PB, as always, thanks for the ‘lived through’ advice.

Everyone - thanks again. Now I know what type of sounds to expect as well from different woods (tubbier is a good discription - that’s the sound we don’t like !)

Watch out for a post in a few weeks time asking about setting up and tuning a kit properly !

Cheers all



Ok - just checked out your link, Bubba - Awesome !
I guess I’ll print that out and take it with when we set the kit up.

Thanks !


Ok - resurecting this again just for another take/question…

This have been on our minds for some time now, and the question is now starting to be more specific to the church environment, but here goes anyway.

We are entertaining the idea of going digital on the drums as well.
Now I have an elelctronic kit that I’ve built, but the feel is not so good as what the mesh heads on the TD-12 are, so (if we go this way) we should save for a factory kit and call it a day). I’m also not shure that my kit will stand up to ‘public church life’. Our drummer has played with it a couple of times, but he don’t like it that much becuase of the hard rubber pads that’s on it.

The pro’s (as I can tell) are:
1: Controlable volume (and overall ‘stage sound’)
2: Lots of different sounds for different types of music / moods
3: Drums that are always in tune
4: Less space taken on the stage.
5: It will free up some space on the mixer (only stereo needed - you could even use only one stereo channel on these newer types of mixers)

The cons are:
1: Not totally real feel
2: Electronic dependancy (if the thing breaks, you’re stuck)
3: No brush swirls etc, although our drummers never do that anyway
4: Better monitoring setup needed, as the rest of the band feeds off the ‘sound’ coming from the drums - although this will be softer than the analogue kit, it must still be a ‘big sound’ (proper bass response etc)

Now you could argue that a real drummer needs himself some ‘real’ drums, but then you have to understand that we are in a ministry in a church and because of that we need to make some ‘sacrifices’. For instance, I like my Marshall’s sound when opened to 7, but in the church he hardly gets past 2. That’s my sacrifice for the ‘ministry’.

What do you guys prefer ?
Analog kit with all that goes with it ? (maybe a screen around, all the mic’s and space on the mixer)

Or digital (like the td-12) with all that comes with it ?

Does anyone have experience in this ?

How does ‘real drum’ drummers feel about digital kits ?

We are in the process of deciding what to do now, and what we commit on now will have to be lived with for a long time. We don’t want to make the wrong decision.

Thanks for listening !


I’ve played a TD10 for a couple years now, Wihan. It took awhile, but i got used to them. Basically, i play simpler because they’re not as responsive as an acoustic kit. But that’s not always a bad thing.

For us, it came down to pleasing the congregation (volume) or pleasing the drummer (response). We chose to please the congregation, and i can’t say that was a bad choice.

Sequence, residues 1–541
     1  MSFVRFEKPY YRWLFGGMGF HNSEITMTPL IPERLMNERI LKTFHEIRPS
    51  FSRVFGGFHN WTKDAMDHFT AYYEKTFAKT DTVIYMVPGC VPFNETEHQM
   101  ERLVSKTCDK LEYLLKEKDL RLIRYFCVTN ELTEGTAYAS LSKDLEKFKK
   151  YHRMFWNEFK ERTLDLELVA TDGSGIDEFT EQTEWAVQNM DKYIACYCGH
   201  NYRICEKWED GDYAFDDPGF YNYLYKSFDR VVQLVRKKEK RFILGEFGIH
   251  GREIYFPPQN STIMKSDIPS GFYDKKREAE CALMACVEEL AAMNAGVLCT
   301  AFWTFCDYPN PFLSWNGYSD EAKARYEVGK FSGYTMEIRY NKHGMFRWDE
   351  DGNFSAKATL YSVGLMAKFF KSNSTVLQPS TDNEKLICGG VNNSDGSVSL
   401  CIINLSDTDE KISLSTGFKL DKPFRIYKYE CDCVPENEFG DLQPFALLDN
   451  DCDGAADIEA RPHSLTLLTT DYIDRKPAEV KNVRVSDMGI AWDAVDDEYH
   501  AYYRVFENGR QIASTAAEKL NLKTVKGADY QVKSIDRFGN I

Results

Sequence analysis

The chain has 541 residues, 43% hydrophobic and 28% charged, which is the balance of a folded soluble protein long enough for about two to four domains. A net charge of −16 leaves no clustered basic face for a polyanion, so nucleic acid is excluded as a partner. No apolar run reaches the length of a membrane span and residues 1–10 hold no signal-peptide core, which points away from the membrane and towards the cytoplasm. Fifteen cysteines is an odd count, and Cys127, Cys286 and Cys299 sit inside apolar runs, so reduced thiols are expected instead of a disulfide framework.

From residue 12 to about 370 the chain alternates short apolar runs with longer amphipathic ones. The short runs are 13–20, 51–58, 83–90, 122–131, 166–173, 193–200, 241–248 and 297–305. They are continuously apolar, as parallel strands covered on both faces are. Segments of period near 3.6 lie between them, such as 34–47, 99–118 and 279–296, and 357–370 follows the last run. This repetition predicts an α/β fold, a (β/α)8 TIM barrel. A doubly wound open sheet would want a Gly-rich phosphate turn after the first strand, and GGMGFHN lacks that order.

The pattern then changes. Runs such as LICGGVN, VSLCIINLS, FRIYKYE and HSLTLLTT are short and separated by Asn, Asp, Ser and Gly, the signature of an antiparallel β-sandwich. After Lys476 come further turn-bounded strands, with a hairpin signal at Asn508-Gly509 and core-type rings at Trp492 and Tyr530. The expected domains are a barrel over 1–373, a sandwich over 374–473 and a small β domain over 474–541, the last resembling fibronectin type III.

Hope this helps some.


How big is the sanctuary?

IMO, this makes the difference


TeeJ, thanks for the reply - appreciated !
That’s the same choice we now have.

PB - There’s room for 300 people (max). In other words loud enough so that if the drummer get a little excited, the sound people wish they could turn him down just a tad …

Thanks for the replies.

Wihan <- Wondering why there are so many choices

I say the digital versus acoustic comes down to the drummer really. Can the drummer be dynamic and not blow people out and work with the sound folks? I would imagine in a sactuary that size you would need little more than an over head for slight reenforcement if any micing at all. So if drummers can have some restraint and backoff, I’d go acoustic. Does anyone lead the music? Or is it an “everyone charge up the mountain” thing? A leader can give dynamic direction and tell the drummer to take it easy during a tune… A little wave of the hand is all it takes.

ALL drummers, that I have played with have either learned or are learning the same lesson:
How to play intensely without being too loud.
With some direction, and some well intended helps (smaller sticks, or rods if needed) to help the drummer realize their part in the puzzle is good for eveyone.
Just as a side note: I have realized that to explain to a drummer in a worship setting what is expected is a different task that in a rock/concert setting. They are 2 different animals. Its not easy, but someone with a teachable spirit can do it!

Wihan- by the way, my advice is to explain to the drummer what these issues are, "which drums, acoustic v. electric and the volume issues and include him/her in the discussion and decisions.–than when you have to say, “hey man, back off just a bit”… there is some background! This is the task of the leader, and not an easy one…from experience.

Micing for recording =yes
micing for reinforcement=maybe…


I’ve been to the beach for a few days and just got back. You’re still looking into the drum issue eh? Well, here’s our experience at my church…

Electronic drums: Congregation loved 'em. Musicians and especially the drummer HATED 'em.

Acosutic drums: Musicians and drummer preferred. Congregation and choir hate 'em. Too LOUD! Our drummer has dynamics problems. He can’t play uptempo songs without bashing the crap outta the drums.

Acoustic drums in Iso booth: AHA!! A successful compromise has been reached! I ran the drummer a monitor mix to the booth where he can control the intuments and vocal(s) channels on his own. As for the what the congregation hears… FOH man reigns supreme. Occasionally we have to signal FOH dude to give us musicians a little more drums/percussion in the floor monitors, but overall, this setup works REALLY well for us.

My $.02… Good luck dude!


Great idea…
isolating as much as possible is great. We have a small stage so its impossible for us, but it’s the way to go.

If you see some good plans on the web for a booth, let me know.

Hey PB,

HERE is what we went with. We saved a little money by buying the “B” setup and adding the top separately. It is great. The drums sound like “real” drums and the FOH guy has full control of how loud they are to the congregation. So far, we absolutely LOVE 'EM! Money well spent IMO.


TG, I looked at that isolation booth, and it looks nice. :)


You can still see the drummer. :(


Quote (Ali_T @ June 12 2005,01:43)
You can still see the drummer. :(


Oh well..... there are flaws in all designs of man. I just don't look at him. Our piano player is much prettier AND female!